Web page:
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The Two-Way
6:06 pm
Fri January 24, 2014

Judge Tells Hospital To Take Pregnant Woman Off Life Support

Erick Munoz is escorted by attorneys as he walks to court in Fort Worth, Texas, on Friday. A judge ordered a hospital to take Munoz's wife, who is 22 weeks pregnant, off life support.
Tim Sharp AP

Originally published on Fri January 24, 2014 8:10 pm

A North Texas judge has ordered a Fort Worth hospital to remove life support from a woman who is 22 weeks pregnant. Her family says Marlise Munoz, 33, is brain-dead. She has reportedly not been awake since November, when she was discovered unconscious in her home. Doctors say she had suffered a pulmonary embolism.

At that time, Munoz was 14 weeks pregnant. Since then, a debate has raged about whether she should be kept alive. Many of the questions center on the details of Munoz's condition, and on state laws about terminating the life of a pregnant woman.

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The Two-Way
5:58 pm
Fri January 24, 2014

New Study Shakes Up Science On Midwest Quake Zone

Map showing seismic activity in the New Madrid Seismic Zone.
United States Geological Survey (USGS)

Originally published on Sat January 25, 2014 7:44 am

One of the biggest earthquakes in U.S. history didn't occur in California. Or Alaska. It happened in the country's midsection some 200 years ago in an area where today seven states straddle the Mississippi River Valley.

And seismologists from the United States Geological Survey believe they've uncovered evidence that the New Madrid Seismic Zone, as the area that spawned the 1811-12 quakes is known, is still alive and kicking.

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The Two-Way
5:10 pm
Fri January 24, 2014

Holder Favors Pot Banking, And Legal Dealers Shrug

A marijuana bud and cash at a shop in Denver. An owner of marijuana stores in the city says of his company's bank account, "We treat it like gold."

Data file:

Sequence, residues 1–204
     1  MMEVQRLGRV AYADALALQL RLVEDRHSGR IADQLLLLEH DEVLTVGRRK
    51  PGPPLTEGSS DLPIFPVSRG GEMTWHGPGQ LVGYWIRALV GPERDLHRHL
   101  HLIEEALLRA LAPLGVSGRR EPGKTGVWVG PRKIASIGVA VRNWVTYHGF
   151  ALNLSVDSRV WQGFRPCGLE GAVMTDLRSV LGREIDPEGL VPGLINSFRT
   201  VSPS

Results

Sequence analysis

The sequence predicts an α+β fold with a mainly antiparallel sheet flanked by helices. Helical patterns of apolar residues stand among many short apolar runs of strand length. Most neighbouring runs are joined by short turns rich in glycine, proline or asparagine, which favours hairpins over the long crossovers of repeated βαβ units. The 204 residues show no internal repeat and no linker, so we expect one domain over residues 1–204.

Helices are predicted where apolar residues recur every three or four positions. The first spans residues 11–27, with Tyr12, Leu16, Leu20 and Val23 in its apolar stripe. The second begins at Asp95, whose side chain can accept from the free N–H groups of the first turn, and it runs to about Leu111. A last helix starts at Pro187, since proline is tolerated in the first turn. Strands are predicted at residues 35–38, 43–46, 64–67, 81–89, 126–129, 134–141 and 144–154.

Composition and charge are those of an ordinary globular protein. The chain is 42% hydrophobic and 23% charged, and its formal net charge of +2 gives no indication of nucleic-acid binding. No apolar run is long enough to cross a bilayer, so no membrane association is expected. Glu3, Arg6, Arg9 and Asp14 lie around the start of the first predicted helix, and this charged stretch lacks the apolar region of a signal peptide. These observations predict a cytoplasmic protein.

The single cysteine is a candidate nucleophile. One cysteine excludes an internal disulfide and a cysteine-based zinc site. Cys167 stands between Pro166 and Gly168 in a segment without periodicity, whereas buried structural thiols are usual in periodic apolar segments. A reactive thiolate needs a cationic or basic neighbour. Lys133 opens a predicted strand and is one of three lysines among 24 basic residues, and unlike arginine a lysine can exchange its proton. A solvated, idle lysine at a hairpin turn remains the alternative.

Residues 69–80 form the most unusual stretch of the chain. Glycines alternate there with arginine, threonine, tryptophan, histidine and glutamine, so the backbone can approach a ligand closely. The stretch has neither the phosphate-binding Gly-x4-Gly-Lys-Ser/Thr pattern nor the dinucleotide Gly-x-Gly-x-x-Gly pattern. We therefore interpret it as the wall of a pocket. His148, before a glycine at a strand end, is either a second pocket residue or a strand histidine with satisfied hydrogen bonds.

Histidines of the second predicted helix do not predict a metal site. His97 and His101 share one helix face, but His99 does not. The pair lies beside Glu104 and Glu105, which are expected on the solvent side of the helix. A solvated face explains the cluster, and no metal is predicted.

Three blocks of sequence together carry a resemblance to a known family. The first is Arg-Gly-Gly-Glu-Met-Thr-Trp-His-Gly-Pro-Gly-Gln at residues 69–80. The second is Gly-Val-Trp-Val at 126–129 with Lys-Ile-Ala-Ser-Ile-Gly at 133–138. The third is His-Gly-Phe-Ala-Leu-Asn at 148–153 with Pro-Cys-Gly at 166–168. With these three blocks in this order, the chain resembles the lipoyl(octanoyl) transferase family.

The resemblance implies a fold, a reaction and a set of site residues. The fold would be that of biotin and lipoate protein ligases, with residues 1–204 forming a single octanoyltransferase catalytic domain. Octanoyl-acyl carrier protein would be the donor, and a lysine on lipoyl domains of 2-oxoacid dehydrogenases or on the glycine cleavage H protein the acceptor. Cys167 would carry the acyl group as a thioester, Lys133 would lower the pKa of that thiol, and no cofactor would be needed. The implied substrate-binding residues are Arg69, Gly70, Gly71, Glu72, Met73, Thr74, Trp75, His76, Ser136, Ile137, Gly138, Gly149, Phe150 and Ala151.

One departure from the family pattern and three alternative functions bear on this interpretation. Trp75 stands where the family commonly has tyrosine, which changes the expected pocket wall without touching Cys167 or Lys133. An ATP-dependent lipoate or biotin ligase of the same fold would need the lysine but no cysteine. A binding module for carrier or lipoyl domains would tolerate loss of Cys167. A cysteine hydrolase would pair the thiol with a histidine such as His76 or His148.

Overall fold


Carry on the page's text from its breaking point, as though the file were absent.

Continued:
Ed Andrieski AP

When I heard late Thursday that Attorney General Eric Holder had come out in favor of bank accounts for state-sanctioned pot businesses, I assumed the industry would react with cheers. After all, they've long complained about being black-balled by banks, which are justifiably afraid of violating federal laws against handling drug money.

But when I started calling around today, the reactions ranged from "That's nice" to "Meh."

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Shots - Health News
4:56 pm
Fri January 24, 2014

The Healthy, Not The Young, May Determine Health Law's Fate

Insurers get paid more for older people under the Affordable Care Act, even if they're healthy.
Tony Ding AP

Originally published on Mon January 27, 2014 12:37 pm

Now that the problems with the balky HealthCare.gov website are largely fixed, the Obama administration is finally feeling comfortable enough to launch some of the outreach it planned for last fall.

Its top target: young adults, specifically those between 18 and 35.

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The Two-Way
4:34 pm
Fri January 24, 2014

Dow Loses 318 Points, The Most In One Day Since June

The Dow closed 318 points lower on Friday, the biggest one-day drop since June.

As NBC News puts it, the index joined the rout that hit European and Asian markets on fears that the global economy is slowing.

The Wall Street Journal adds:

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The Two-Way
4:22 pm
Fri January 24, 2014

Which Are The Most, And Least, 'Bible-Minded' Cities In The U.S.?

A new study ranks 100 American cities according to how "Bible-minded" they are. The top spot went to Chattanooga, Tenn. Several cities in the Northeast and West were ranked "least Bible-minded."
Joseph Kaczmarek AP

Originally published on Fri January 24, 2014 8:26 pm

In an era of shifting populations and values, the notion of America's Bible Belt can be a slippery concept. But a new study gives us an idea of which cities can be considered to be part of that tradition — and which cities aren't.

Chattanooga, Tenn., was named America's most Bible-minded city, followed by Birmingham, Ala., and Roanoke/Lynchburg, Va.

And despite its name, Providence, R.I., was named the least Bible-minded city. It tied New Bedford, Mass., in that slot, followed by Albany, N.Y., and Boston.

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The Two-Way
3:37 pm
Fri January 24, 2014

Pakistani Judge Orders Death For Man Who Claimed To Be Prophet

Originally published on Mon January 27, 2014 6:08 am

A mentally ill British national held in Pakistan has been sentenced to death for blasphemy after claiming to be the Prophet Muhammad.

Mohammed Asghar, 69, was arrested in Rawalpindi, near the Pakistani capital Islamabad, in 2010 shortly after returning from a trip to the U.K., where he was treated for paranoid schizophrenia, his lawyer said.

It was then that he allegedly wrote letters to various individuals, including a police officer, claiming that he was the revered prophet of Islam.